Australian Terrier Breeders Kingsland GA

Looking for Australian Terrier Breeders in Kingsland? We have compiled a list of businesses and services around Kingsland that should help you with your search. We hope this page helps you find Australian Terrier Breeders in Kingsland.

Dixie Acres
(912) 496-6191
6396 Crews Community Rd
Folkston, GA
Breeds
English Toy Spaniel

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Gilbert, Shiera, Dvm - Nassau Veterinary Hospital
(904) 225-2050
851015 US Hwy 17
Yulee, FL

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Stacy, Greg R, Dvm - Fernandina Beach Animal Clinic
(904) 277-4408
1868 S 14th St
Fernandina Beach, FL

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Hopecrest Cotons
(770) 241-0489
2425 Flint Creek Dr
Cumming, GA
Breeds
Coton De Tulear

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Daral's Toy Fox Terriers
(678) 455-1929
1301 Wrights Mill Rd
Canton, GA
Breeds
Toy Fox Terrier

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Betz, Christy, DVM - Integrity Animal Hospital
(912) 729-4077
5200 Hwy 17 N
Kingsland, GA

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Hicks Jr, James E, Dvm - Amelia Island Animal Hospital
(904) 261-7153
1470 S 8th St
Fernandina Beach, FL

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American Bouvier Rescue League
(770) 358-6288
123 Silver Dollar Rd
Barnesville, GA
Breeds
Bouvier Des Flandres

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Sandees Angel Babies
(404) 822-6655
PO Box 491
Williamson, GA
Breeds
Shih Tzu

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Frankenfaust Airedales
(706) 413-5022
PO Box 345
Summerville, GA
Breeds
Airedale Terrier

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Australian Terrier - Guide to Australian Terriers

Australian TerrierDescription: The Australian Terrier is a small, high-energy, lovable dog. While small in frame, this breed is very protective and makes an excellent watchdog.

The exact origins of the Australian Terrier are not known, however, it is believed it shares a common ancestry with these Terrier breeds developed in the 1800s - Cairn, Norwich, Irish, Manchester, Yorkie and Dandie Dinmont.

The Australian Terrier was developed in Australia in the 19th century. This new, rough-coated Terrier was used as a helper, a companion and for rodent and snake control. They were also prized for their watchdog abilities.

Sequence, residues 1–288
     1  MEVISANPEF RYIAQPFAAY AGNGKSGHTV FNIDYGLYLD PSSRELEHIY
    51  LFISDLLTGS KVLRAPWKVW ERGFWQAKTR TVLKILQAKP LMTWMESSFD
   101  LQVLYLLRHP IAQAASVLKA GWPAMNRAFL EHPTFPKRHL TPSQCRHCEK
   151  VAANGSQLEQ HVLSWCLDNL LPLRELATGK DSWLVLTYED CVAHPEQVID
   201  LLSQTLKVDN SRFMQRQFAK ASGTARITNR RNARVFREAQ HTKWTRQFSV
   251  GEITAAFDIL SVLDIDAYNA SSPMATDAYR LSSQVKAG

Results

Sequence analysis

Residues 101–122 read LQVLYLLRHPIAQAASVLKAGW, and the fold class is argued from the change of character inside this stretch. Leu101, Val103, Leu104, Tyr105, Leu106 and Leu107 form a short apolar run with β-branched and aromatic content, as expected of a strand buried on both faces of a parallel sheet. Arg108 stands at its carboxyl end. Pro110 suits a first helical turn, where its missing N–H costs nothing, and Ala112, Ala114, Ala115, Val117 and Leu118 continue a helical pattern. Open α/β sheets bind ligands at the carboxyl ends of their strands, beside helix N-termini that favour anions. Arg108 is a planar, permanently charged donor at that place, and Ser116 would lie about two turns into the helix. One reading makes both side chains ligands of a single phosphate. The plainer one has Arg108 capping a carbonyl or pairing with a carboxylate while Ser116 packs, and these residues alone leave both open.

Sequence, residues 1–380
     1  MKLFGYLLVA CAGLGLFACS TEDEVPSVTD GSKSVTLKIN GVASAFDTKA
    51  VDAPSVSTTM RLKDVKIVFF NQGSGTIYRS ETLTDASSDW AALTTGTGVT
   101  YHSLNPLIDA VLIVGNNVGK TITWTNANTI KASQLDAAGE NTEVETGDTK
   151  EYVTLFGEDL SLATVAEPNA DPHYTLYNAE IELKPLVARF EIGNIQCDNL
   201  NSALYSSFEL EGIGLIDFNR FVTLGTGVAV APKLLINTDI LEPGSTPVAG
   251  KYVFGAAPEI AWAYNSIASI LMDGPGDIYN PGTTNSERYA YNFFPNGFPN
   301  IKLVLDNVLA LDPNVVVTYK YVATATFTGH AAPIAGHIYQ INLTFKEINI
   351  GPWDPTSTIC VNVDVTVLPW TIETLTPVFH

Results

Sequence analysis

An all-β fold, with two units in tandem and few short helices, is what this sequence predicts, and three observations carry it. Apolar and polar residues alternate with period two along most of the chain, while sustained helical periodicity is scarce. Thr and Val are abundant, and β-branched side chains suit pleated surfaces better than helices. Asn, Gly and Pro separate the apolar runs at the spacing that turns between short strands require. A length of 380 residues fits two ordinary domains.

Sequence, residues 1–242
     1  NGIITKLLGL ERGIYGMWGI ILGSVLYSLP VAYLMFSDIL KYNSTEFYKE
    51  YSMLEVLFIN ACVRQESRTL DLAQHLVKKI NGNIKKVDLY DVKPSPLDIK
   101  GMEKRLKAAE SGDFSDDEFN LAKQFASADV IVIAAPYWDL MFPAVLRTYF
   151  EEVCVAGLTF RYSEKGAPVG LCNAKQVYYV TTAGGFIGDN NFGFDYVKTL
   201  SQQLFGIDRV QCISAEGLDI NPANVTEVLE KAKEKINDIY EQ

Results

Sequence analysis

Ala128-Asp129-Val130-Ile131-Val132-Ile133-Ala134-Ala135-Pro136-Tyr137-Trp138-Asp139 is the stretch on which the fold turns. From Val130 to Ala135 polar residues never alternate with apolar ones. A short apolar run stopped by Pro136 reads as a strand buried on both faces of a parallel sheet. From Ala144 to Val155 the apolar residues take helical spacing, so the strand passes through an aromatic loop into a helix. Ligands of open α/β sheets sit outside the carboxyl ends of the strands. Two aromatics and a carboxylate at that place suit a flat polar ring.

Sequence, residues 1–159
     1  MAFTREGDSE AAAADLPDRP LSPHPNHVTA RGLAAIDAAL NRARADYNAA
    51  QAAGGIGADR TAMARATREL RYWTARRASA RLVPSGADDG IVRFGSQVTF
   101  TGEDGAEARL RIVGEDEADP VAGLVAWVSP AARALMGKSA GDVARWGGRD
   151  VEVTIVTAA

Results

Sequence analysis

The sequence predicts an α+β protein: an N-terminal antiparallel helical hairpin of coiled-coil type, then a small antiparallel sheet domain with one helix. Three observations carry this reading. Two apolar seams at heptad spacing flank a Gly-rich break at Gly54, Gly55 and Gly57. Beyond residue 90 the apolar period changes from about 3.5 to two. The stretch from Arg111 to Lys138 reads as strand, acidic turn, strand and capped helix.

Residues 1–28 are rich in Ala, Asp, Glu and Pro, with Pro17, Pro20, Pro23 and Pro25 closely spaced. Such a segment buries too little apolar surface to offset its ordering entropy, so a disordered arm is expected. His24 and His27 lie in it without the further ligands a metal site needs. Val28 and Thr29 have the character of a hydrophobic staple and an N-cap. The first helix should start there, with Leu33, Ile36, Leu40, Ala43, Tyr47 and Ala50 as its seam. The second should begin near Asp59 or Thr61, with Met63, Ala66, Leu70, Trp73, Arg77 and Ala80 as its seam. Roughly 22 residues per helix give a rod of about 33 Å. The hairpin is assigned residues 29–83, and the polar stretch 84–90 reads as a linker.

In 1868, broken-coated Terriers were shown for the first time in Melbourne. In 1887, the Australian Rough-Coated Terrier Club was founded in the same city with the purpose to standardize the breed. These dogs were then shown in 1899 as the Australian Terrier, Rough-Coated - colors noted in show records were sandy & red and blue & tan. By 1896 a standard for this breed had been established. England granted breed status in 1933 and the American Kennel Club admitted the breed in 1960.

Height:
The height for an Australian Terrier is between 9-11 inches (23-28 cm.) Bitches are slightly shorter than dogs.

Weight: The weight for an Australian Terrier is between 9-14 pounds (4-6 kg.) Bitches weigh slightly less than dogs.

Coat Type: The Australian Terrier's outer coat is rough and straight while the undercoat is soft and short. The length all over is about 2½ inches (6.4 cm), except the tail, lower part of the rear legs, pasterns and the feet which are kept free of long hair. The length on the ears is kept very short. The neck has a lot of hair which frames the face. The Australian Terrier has a topknot which is of a finer and softer texture, covers only the top of the head. The breed standard specifies the coat should be untrimmed, however, some prefer to do so anyway for a neater appearance for the show ring. Grooming maintenance is minimal - the coat only needs to be brushed several times a week. The Australian Terrier sheds very little or not at all.

Color: The color of the Australian Terrier's coat can be blue & tan, solid sandy, and solid red.

Temperament: The Australian Terrier is very friendly, loyal, protective, and it makes a great companion. This breed has a very keen sense of hearing and vision making it a great watchdog. It does best inside the home with the family and not outside for long periods of time. Australian Terriers instinctively dig and they love to chase squirrels, cats and rabbits. This lively, curious and lovable dog is good with children, but should not be teased. As for obedience training, it does well, but training must be strict and consistent since Australian Terriers has a mind of its own.

Health Problems: A 2002 health survey conducted by the Australian Terrier Club of America indicated major causes of death of the Australian Terrier is from cancer (67%), ol...

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